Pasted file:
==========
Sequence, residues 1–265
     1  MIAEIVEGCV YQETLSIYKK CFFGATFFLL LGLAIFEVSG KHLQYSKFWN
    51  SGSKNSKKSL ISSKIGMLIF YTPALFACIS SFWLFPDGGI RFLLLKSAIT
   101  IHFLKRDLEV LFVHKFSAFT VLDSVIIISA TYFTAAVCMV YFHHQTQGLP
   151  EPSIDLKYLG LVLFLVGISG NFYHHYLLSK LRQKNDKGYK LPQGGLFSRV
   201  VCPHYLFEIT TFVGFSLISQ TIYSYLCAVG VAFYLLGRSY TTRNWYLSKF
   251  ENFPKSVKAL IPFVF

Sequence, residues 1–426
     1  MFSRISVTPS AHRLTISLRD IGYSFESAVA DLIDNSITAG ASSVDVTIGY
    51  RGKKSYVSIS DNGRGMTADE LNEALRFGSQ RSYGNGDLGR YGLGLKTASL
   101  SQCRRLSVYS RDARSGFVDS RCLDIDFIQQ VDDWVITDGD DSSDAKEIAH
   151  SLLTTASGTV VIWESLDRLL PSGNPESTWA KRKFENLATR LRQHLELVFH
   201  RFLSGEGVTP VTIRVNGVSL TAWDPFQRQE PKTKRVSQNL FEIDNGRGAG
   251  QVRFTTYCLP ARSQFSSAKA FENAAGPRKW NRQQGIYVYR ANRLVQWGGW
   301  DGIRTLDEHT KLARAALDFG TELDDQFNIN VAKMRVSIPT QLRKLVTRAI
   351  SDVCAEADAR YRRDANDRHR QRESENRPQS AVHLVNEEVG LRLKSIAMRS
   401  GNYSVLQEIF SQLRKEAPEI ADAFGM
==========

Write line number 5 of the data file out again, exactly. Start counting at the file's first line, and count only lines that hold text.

   151  EPSIDLKYLG LVLFLVGISG NFYHHYLLSK LRQKNDKGYK LPQGGLFSRV